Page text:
Walt's car is a well-used 2003 Pontiac Aztek, repainted a pale non-factory dull-green chosen by series creator Vince Gilligan perhaps to mimic a faded original paint job and thus symbolize Walt's previous bland existence. The windshield has been broken and replaced several times due to catastrophes both great and small, all traceable to Walt's descent into the drug world. Though Pontiac's Aztek was widely derided as ugly, overpriced and beset with quality issues (it never met sales quotas), it has built a loyal following for its versatility and is considered something of a good used-car deal - a deliberate analogy maybe to Walt's survival skills in his dangerous second career. The show's production keeps at least 2 Azteks equipped for different filming situations.
The actor who portrays Walter Jr. in the series (RJ Mitte), actually has cerebral palsy like his character on the show. However, his real life affliction is much milder than his character's, and he had to learn to walk with crutches and slow down his speech to play the part.
Characters and their values are represented by the colors they wear. Skyler is usually dressed in blue and Jesse in yellow and red (when he is in recovery, he wears gray). Walter wears green because he is stuck between his family and the drug trade. When the Whites' daughter is born, pink is introduced to the spectrum. Similar color patterns show up during the series. The DEA agents, Hank and Gomez, wear orange, representing police. Marie is usually in purple and many of the other doctors on the show are seen in it as well. And Jane, the recovering heroin addict, wears black.
The title of the series is spelled using the chemical symbols for bromine ("Br"), and barium ("Ba"). Chemical symbols from the periodic table of the elements also appear in every name in the opening credits: a single capital letter, or letter-pair with only the first letter capitalized (in line with scientific convention), shown in a differing color.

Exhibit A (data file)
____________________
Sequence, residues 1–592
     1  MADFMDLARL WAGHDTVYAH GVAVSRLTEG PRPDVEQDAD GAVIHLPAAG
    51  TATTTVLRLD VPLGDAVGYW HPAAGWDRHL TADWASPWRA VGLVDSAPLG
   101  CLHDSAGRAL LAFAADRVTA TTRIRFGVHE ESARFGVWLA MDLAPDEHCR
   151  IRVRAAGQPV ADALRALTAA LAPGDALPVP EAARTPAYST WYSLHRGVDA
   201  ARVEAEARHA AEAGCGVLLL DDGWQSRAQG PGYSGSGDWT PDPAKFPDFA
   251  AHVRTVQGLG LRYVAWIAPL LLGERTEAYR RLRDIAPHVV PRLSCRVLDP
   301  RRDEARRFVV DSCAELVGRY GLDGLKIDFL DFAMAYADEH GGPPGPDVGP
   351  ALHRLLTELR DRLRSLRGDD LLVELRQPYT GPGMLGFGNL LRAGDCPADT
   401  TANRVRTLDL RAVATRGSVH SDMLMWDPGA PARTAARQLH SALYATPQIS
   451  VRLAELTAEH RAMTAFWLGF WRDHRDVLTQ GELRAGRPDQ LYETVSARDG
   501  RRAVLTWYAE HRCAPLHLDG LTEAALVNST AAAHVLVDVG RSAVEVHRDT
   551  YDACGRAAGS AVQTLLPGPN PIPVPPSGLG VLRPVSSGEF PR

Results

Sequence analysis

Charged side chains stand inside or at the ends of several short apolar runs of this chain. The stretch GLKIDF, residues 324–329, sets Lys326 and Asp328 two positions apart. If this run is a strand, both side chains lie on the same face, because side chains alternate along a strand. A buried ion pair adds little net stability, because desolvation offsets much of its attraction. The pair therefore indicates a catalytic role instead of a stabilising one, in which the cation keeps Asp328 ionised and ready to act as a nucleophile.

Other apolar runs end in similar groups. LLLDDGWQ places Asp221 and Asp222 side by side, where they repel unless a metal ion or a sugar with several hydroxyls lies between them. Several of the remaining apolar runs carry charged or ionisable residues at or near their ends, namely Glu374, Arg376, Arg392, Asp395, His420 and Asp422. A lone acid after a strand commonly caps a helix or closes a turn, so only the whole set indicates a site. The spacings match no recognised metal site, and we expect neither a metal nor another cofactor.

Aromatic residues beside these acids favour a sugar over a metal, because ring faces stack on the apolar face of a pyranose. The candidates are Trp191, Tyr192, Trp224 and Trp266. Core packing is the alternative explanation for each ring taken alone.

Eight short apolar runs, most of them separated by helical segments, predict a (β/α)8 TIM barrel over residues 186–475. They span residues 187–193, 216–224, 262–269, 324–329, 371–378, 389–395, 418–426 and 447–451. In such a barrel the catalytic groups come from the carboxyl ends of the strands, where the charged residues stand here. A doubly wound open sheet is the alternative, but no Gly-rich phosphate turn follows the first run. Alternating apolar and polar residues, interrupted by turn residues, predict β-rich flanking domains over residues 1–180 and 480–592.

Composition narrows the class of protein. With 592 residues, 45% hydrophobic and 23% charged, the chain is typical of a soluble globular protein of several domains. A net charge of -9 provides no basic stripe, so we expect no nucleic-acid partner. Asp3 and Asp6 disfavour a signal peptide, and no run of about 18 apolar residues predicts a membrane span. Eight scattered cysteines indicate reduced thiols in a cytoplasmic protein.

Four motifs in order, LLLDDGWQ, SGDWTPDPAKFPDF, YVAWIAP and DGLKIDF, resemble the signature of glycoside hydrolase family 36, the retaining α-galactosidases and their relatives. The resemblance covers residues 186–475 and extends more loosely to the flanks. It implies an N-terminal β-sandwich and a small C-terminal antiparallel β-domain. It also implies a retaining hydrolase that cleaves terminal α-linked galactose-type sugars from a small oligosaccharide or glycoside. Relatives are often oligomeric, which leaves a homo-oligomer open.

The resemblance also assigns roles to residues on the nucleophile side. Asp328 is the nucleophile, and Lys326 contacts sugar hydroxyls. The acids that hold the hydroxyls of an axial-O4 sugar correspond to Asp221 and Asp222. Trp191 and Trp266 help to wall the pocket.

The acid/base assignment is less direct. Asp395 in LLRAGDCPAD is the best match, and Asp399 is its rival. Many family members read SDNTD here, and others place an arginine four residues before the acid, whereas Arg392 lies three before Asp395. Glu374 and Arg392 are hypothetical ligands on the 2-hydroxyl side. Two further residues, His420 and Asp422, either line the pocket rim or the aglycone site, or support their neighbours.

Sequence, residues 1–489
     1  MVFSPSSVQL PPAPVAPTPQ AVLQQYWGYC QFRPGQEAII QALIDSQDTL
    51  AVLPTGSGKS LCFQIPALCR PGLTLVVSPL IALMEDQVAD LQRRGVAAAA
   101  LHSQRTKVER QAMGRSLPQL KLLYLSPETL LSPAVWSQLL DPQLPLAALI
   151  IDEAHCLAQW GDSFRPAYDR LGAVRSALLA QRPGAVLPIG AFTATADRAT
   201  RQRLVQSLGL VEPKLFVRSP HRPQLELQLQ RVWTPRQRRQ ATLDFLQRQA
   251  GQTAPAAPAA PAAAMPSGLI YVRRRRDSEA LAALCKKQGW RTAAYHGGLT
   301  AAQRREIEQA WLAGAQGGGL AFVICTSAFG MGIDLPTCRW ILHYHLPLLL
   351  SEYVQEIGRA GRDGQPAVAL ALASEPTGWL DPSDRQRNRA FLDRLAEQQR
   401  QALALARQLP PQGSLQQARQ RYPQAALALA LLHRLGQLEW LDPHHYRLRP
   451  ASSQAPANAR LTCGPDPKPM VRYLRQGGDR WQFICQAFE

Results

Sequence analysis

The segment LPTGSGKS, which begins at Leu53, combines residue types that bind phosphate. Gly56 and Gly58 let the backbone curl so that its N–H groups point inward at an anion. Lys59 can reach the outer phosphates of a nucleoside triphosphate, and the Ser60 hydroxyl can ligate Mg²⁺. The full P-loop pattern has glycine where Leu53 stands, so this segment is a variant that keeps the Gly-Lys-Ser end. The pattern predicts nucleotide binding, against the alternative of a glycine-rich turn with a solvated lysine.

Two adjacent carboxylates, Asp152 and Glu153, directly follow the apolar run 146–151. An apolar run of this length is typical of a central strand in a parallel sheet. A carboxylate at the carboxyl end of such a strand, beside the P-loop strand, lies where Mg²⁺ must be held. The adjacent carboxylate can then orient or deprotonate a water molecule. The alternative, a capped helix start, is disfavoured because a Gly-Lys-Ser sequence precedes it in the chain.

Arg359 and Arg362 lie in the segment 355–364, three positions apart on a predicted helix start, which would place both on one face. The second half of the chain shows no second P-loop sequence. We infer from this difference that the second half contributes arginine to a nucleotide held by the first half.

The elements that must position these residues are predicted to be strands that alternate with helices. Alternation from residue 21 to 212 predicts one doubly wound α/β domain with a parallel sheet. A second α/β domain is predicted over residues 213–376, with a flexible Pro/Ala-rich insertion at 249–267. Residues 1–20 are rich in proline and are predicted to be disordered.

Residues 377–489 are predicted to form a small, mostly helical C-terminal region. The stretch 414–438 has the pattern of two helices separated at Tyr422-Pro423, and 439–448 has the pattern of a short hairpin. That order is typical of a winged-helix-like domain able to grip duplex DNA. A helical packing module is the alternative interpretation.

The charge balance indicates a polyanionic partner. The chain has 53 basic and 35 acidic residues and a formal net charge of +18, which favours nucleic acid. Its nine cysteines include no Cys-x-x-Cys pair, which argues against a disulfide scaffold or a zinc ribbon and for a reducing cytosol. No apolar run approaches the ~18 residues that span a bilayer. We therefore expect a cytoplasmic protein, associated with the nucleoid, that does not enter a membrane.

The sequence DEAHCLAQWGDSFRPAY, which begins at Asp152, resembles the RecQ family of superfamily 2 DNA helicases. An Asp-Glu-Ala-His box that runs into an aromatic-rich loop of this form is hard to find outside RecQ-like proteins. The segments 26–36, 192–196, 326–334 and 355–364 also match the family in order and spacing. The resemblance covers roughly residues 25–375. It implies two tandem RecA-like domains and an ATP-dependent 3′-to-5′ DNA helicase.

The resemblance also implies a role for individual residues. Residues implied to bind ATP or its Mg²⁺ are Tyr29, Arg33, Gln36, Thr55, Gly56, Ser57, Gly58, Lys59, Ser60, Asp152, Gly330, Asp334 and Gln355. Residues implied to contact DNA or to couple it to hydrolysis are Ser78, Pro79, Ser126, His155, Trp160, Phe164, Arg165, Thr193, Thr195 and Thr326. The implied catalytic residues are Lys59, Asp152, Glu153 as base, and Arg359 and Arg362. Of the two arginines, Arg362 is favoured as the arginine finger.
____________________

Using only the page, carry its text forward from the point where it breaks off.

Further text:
Bryan Cranston (Walter), Anna Gunn (Skyler) and Bob Odenkirk (Saul Goodman) have guest starred in Seinfeld. Anna played Jerry's girlfriend in "The Glasses" (Season 5). Bryan made his first appearance as Dr. Tim Whatley, a dentist whose conversion to Judaism annoys Jerry when he realizes Tim only converted so he could tell Jewish-themed jokes, a year later, in "The Mom and Pop Store" (Season 6). Bob played Ben Galvant in "The Abstinence" (Season 8); Elaine is dating Ben because she thinks he is a doctor, but Ben reveals he hasn't passed his medical boards yet and proves inept in a real-life health crisis. Once Ben does become a doctor, he breaks up with Elaine and explains, Saul Goodman-style, that the point of becoming a doctor is to end up dating someone who was out of his league before he became one. Larry Hankin appeared on "Seinfeld" too and was co-creator Larry David's first choice to play Kramer. Other "Breaking Bad" actors who appeared on "Seinfeld": Nigel Gibbs, Mark Harelik and Jessica Hecht.
Walter White's alias, Heisenberg, is a tribute to Werner Heisenberg, who formulated the uncertainty principle, which states that it is impossible to determine simultaneously both the position and velocity of an electron or any other particle with any great degree of accuracy or certainty.
In the beginning of each episode, the chemical formula C10H15N along with the number 149.24 and the word "Meth" can be seen just before the title Breaking Bad appears. C10H15N is the formula for methamphetamine, which has the molecular weight of 149.24.
Before working together on Breaking Bad, Vince Gilligan had already cast Bryan Cranston against his usual type in "Drive," an episode of The X-Files that Gilligan wrote in which Cranston played a white supremacist with an infection that made his head explode if his car's speed dipped below 50 miles per hour. Gilligan has said their collaboration in this episode convinced him that Cranston was the only actor who could portray Walter White as they had a hard time finding someone who could portray a sympathetic villain when casting "The X-Files" episode.